Please buckle your seat belt, we are about to experience some turbulence…
It would have been nice if Chairman Powell had ended his press conference this week with that warning.
And with that, the S&P 500 was lower by 5.9% at the close of business June 11, 2020.
So why this now? We seemed to be well on the road to recovery.
And that right there, in itself, is the problem. Perception and reality are two different things. As states begin to loosen restrictions, in some areas of the country you would never know there was a quarantine in place. Additionally, the start of the summer season has lured many folks out of their caves and back into society. I being one of them. For example, like a crazy person last week, my wife and I went and had lunch IN a restaurant. And while the food was the same as months before, the experience has clearly changed. Tables being spaced further apart, equate to less patrons, which means less sales, and you get the point.
Simply put, stocks have come way too far too fast. And this week they were given several doses of reality.
First being the increase in hospitalizations. This is a trend that is obviously very concerning, as the economy can not endure another shutdown without an infusion of money that would need to be quickly deployed and of a much greater scale.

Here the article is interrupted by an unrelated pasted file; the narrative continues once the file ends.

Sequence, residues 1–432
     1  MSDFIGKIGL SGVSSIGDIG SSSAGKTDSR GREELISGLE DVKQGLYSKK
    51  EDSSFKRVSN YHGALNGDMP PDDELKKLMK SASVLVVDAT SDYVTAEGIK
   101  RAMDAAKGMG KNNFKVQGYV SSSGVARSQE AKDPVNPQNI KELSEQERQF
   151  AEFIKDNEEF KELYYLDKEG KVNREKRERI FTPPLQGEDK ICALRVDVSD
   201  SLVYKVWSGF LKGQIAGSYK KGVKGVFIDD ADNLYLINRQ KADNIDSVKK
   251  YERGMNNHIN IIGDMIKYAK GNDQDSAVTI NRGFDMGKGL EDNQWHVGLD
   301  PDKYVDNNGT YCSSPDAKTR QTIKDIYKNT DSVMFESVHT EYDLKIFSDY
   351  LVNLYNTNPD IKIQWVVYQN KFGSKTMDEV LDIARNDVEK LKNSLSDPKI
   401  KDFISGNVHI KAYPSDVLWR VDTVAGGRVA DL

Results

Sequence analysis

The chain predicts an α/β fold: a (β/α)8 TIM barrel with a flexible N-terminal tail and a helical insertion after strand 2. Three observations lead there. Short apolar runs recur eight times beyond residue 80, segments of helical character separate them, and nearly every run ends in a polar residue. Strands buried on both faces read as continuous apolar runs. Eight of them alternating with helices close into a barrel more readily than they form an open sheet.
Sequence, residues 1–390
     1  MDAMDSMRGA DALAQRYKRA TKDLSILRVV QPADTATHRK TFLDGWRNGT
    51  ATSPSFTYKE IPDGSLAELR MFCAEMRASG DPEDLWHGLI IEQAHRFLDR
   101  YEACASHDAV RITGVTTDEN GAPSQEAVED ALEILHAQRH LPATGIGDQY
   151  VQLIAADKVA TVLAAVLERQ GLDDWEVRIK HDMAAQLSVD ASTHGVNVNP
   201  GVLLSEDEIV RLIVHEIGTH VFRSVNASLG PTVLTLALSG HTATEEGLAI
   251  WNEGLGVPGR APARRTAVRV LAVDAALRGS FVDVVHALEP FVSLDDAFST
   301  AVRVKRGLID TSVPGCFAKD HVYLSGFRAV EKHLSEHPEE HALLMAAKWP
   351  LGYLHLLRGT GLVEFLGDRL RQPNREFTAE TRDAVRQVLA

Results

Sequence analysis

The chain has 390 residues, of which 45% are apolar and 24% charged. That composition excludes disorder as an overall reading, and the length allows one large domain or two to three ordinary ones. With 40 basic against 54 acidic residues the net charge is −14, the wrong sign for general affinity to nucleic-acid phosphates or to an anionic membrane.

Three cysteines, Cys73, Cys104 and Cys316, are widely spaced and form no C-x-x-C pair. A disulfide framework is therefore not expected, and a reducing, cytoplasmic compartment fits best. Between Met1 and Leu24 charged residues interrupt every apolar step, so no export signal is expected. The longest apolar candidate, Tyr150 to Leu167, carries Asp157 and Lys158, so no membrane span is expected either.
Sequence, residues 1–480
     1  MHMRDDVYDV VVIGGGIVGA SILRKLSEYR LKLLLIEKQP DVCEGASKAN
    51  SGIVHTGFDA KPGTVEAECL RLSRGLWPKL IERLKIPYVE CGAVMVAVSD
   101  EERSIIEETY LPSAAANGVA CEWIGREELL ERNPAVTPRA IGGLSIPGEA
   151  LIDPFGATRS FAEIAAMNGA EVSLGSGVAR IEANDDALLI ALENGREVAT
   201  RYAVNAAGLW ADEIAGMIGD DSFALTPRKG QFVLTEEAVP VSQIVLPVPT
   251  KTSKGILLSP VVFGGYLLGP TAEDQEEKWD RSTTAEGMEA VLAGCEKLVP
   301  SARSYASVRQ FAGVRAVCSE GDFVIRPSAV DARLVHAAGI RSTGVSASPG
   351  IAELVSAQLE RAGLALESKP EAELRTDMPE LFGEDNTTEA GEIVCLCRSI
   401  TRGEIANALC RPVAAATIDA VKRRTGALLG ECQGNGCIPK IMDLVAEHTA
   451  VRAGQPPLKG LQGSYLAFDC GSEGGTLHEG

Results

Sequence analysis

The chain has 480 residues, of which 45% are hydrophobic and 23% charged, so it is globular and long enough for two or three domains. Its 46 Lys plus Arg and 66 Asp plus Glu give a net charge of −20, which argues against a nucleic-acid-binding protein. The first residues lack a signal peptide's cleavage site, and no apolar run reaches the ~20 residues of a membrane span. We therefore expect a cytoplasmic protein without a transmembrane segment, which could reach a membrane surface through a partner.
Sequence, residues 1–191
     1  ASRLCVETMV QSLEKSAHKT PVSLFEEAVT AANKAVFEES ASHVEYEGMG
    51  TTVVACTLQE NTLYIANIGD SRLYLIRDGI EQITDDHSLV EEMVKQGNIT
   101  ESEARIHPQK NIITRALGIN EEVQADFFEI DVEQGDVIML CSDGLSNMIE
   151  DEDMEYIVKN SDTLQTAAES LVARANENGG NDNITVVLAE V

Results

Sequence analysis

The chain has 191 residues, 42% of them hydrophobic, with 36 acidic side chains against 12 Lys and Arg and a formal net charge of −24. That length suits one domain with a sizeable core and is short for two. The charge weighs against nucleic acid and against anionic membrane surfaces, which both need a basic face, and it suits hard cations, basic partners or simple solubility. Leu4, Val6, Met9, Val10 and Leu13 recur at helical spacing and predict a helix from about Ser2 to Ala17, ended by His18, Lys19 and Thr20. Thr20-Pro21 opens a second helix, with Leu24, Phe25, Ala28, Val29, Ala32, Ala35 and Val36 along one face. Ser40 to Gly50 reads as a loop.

Second is the sobering fact that Chairman Jerome Powell indicated federal reserve rates would be held steady in all likelihood until 2022.
Third, the National Bureau of Economic Research declared the recession officially started in February.
Frankly, hitting the pause button with a sell-off like this is a good thing in my opinion.
That being said, the reality is this:
-This is not going to be solved overnight, but there are advancements being made everyday in the healthcare area.
– The Federal Reserve has been crystal clear that they will use everything in their arsenal and then some to help the economy.
-The sell off brings companies’ share prices more in alignment with reality. For example: Have airlines seen more passengers? Yes. Enough to warrant the run up in their prices? No.
-Reality equates to opportunity. There will be clear winners and losers in the markets from this pandemic, and as I have previously alluded to, those that have invested in the customer experience have a huge opportunity, and as those companies become clearer, the opportunity to grab them during these types of sell offs becomes more enticing.
-Companies are still increasing their dividends.
So what should you do in light of the selloff?
Control what you can control:
-If you can, consider taking advantage of the delay in the tax filing deadline, and fund a Traditional or Roth Individual Retirement account for 2019, or your health savings account if eligible.
-If you were thinking about putting some money to work in the market, now may or may not be the time, but it is worth the discussion.
-Revisit refinancing your mortgage if you have not done so already.
And most importantly, remember we were here (2,237.40) less than 3 months ago:
And where we are now (3,002.10).
The opinions voiced in this material are for general information only and are not intended to provide specific advice or recommendations for any individual. All performance referenced is historical and is no guarantee of future results. All indices are unmanaged and may not be invested into directly.